Continuous Deployment in Desktop Software

In an effort to maintain the agility of our startup days and deliver the best software possible, Box has been moving towards continuous deployment. We’ve had hugely successful results in our web application and, about 2 years ago, we decided we’d find out what continuous deployment looks like in client software. We had started a complete redesign and rewrite of our desktop application—Box Sync—and we wondered, “Could we apply the same lessons we learned on the web to a domain where we don’t control the machines and we can’t roll back the code if something goes wrong?”


The automated acceptance

The automated acceptance 'big board' for Box Sync. Builds that do not pass all the tests are not deployed, and no further commits are accepted until the problem is fixed. (Red means something bad happened.)

The first step towards continuous deployment is continuous delivery—code is immediately deployable after commit, even if it is not actually deployed, and the first step towards continuous delivery is setting up automated acceptance tests.

At a high level, the best practices applied here are the same for the desktop and the web:

  1. Every time a developer pushes a new commit, the application is built in its entirety (“continuous integration”) and the full suite of tests is run
  2. If a test fails, the build cannot be deployed and further commits are rejected until the test failure is fixed (“stop the line”)

Box Sync is particularly well suited for automated acceptance testing. It is light on UI and its basic job—ensuring two sets of files in two different places match—is very easy for a computer to verify. We run three types of automated tests:

  1. We have full code coverage via unit tests
  2. The main syncing algorithm is covered by integration-style tests which simulate the network and file system called B to Y (the local file system is A, and the network is Z)
  3. We run full-scale integration tests that launch the built version of Sync (the full .app or .exe, depending on platform), play with files on the local hard drive or on Box, and verify the right things end up in the right place at the end. We call this “chimp.”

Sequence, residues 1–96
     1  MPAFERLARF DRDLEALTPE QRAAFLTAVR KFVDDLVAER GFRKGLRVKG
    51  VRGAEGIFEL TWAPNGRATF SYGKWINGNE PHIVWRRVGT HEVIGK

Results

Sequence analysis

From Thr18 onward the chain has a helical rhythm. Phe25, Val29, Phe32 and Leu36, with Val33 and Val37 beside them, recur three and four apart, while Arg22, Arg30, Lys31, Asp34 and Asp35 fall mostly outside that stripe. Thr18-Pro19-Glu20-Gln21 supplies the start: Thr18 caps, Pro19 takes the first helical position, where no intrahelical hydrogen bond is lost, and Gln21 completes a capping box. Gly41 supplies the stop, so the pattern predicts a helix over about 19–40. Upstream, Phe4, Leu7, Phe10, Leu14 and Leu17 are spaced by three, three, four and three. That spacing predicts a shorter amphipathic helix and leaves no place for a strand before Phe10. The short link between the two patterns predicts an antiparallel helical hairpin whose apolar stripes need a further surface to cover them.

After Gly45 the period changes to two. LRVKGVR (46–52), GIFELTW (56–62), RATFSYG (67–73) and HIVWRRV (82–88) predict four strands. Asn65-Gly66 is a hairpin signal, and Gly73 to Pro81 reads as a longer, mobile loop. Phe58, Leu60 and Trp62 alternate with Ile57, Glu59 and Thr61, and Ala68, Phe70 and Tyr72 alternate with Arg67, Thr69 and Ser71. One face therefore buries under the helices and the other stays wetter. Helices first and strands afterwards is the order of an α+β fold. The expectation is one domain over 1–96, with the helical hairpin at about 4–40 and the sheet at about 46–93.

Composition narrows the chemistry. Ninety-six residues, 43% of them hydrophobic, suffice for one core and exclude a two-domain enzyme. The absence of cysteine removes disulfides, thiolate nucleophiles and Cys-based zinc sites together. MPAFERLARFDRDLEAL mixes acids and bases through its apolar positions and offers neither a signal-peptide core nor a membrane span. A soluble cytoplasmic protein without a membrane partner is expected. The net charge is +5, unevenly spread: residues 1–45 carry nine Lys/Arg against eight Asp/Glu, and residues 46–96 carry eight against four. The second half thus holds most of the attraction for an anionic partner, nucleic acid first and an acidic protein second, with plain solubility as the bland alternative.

We currently support a number of platforms and versions of operating systems, so all of our tests are run on each supported platform and OS. The whole process runs over 13,000 distinct tests and takes roughly 20 minutes.

There’s one other issue that our testing framework deals with for us: we are entirely dependent on the Box web API for functionality, and as we are making changes to Sync, other engineers are making changes to the servers that power Sync. As part of their deployment process, we run a full suite of integration tests (“chimp-staging”) to ensure compatibility between the two.


The version of Sync running on client computers.  We release to a group of beta testers roughly once a day, and do full releases once or twice a week.

The version of Sync running on client computers. We release to a group of beta testers roughly once a day, and do full releases once or twice a week.

Deploying client software is completely unlike deploying a web app, so our first goal was to make the process as consistent as possible, while respecting the different domain requirements and maintaining high user experience standards. A deployment follows these steps:

  1. Once an hour, the client makes an API call, passing the current client version. The API responds with a new version, or otherwise tells the client to try again later. This call is authenticated, so users or enterprises can block updates if they choose.
  2. If an update is found, the client downloads the new version, performs security and versioning checks, launches the new version, and quits.
  3. The new version installs itself in the appropriate location, updates any links or other leftover pieces, and continues running as if nothing happened.

When a new build is ready for release, the API response is updated, and clients update over the next hour. There are a few caveats and requirements to updates that I’d like to note, briefly.

Firstly, for users, there is really only one thing that matters about deployment: it must be completely silent.